It reminds me of Richard Rose's admonition that reforms should involve “relevant” practices instead of “best” practices, where “Relevant practices are both politically acceptable and within the resources of government.” He argues that, “While relevance is no guarantee of a programme’s success, it avoids the certainty of failure due to the promotion of programmes that governments do not want or lack the resources to implement.”
While I cannot vouch for the accuracy of Mir and Rahaman's view that IAS adoption is failing in Bangladesh because it is unwanted by implementers, the story rings true enough to reproduce it. And in the story I see lessons for doing governance reform better--making it 'relevant' in the words of Richard Rose.
First, instead of focusing on reproducing solutions, reforms should emphasize solving problems. The literature on change regularly emphasizes the importance of problems, crises and the like as motivatorsof change. Agents generally do not want change but can get to a 'want' position if they see that the change is needed to alleviate a threat, solve a problem, assist their survival, maybe even make them perform better.
Second, do no support reform design processes that lead to quick, lazy, narrowly engaged plucking of external best practices as the logical solution. If you want to implement a reform you need to spend time finding a solution that fits the context. This requires engaging with those who will implement, having them contribute to a shared understanding of why reform is needed and a shared process of experimenting with local ideas and scanning the globe for 'relevant' ideas. The process of finding and fitting is absolutely vital if one truly wants an implemented reform. This process is the only way one gets a clear perspective on political realities (not possible through an externally written political economy analysis) and local capacities to implement.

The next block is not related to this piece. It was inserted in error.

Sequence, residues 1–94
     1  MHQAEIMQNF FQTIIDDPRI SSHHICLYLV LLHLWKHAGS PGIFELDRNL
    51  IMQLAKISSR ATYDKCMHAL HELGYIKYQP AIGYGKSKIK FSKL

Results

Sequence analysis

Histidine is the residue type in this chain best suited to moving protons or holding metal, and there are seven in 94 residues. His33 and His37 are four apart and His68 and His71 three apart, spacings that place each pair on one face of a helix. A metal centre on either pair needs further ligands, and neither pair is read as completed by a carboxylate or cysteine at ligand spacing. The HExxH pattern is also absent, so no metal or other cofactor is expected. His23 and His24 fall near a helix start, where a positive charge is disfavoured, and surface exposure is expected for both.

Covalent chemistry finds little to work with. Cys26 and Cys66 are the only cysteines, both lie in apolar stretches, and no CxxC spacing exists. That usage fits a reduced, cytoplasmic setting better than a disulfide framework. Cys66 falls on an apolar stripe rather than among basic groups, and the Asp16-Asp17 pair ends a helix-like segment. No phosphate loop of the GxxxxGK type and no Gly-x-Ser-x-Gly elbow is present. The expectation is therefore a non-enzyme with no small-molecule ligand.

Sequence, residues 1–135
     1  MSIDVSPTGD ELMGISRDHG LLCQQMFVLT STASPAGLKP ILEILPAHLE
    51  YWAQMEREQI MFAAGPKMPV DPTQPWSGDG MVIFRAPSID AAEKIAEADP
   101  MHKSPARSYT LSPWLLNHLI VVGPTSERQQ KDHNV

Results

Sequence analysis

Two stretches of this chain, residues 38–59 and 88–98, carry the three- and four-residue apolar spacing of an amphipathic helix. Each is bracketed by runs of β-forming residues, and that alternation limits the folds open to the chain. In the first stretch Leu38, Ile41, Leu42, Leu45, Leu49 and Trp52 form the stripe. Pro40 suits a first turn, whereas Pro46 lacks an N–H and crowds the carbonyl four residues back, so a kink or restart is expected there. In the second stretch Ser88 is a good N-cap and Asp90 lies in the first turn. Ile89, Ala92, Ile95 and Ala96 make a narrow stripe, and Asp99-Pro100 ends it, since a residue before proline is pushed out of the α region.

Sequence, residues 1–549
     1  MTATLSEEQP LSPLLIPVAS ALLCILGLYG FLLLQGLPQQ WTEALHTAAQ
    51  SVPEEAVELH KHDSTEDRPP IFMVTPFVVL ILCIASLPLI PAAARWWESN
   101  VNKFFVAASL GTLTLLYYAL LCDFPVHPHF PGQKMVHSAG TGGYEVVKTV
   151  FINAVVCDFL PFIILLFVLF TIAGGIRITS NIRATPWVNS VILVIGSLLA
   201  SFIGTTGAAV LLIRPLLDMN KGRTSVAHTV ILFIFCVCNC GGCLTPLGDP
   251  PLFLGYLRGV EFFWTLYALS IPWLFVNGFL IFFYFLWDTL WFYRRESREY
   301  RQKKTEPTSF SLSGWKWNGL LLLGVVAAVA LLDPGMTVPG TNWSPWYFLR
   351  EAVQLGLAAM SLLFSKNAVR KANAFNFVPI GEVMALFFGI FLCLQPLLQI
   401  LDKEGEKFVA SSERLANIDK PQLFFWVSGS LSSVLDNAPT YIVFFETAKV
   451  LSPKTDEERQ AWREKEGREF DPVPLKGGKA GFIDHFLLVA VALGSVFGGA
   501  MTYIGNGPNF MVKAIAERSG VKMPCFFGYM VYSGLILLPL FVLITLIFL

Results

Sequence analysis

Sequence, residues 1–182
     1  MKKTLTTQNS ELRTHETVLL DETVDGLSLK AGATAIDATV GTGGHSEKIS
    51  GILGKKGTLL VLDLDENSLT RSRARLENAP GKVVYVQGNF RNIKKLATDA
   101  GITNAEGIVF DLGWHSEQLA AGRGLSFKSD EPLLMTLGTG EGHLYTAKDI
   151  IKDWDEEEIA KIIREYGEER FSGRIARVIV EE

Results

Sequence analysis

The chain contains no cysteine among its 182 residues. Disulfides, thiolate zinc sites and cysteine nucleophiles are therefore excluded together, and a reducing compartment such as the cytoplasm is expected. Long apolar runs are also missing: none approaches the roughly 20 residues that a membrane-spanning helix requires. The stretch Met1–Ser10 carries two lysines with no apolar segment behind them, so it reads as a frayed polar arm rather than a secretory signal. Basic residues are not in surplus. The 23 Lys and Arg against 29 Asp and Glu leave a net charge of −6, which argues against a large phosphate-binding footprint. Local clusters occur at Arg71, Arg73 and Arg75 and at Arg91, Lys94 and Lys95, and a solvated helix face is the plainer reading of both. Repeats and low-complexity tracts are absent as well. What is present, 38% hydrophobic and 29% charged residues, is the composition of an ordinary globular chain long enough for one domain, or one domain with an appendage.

Third, create a high hurdle for external 'best practice' ideas to clear before adopting them. Evidence suggests that best practice ideas travel well from place to place where they are contextualized. Rose describes this as being "altering the original model to operate in a different administrative and political setting” noting that, “When altering a prototype, policymakers are not abandoning what they have learned from better practices elsewhere; they are applying a lesson learned elsewhere in ways relevant in their own national setting.” Some basic questions should always be asked where a best practice is being reproduced: What is the lesson learned elsewhere that you are replicating? How has the practice been altered to match your political realities? How has the practice been altered to match your administrative realities? This requires having a theory about the best praxctice (understanding what it is, and how it works) and being able to see if that theory works in your context--what the literature calls 'theorization'.
These three steps require that external agents take a very different perspective on the reforms they introduce. It requires a change in focus from (i) ready-made solutions to sticky and under-understood problems, (ii) quick answers with narrow groups to longer processes of asking questions in broader constituences, and (iii) easy acceptance of best practices to more skepticism about whether best practices are relevant. I am sure these ideas will not guarantee success, but as Rose says, they will help avoid certainty of failure when it comes to implementing reforms people just do not want.
What do you think?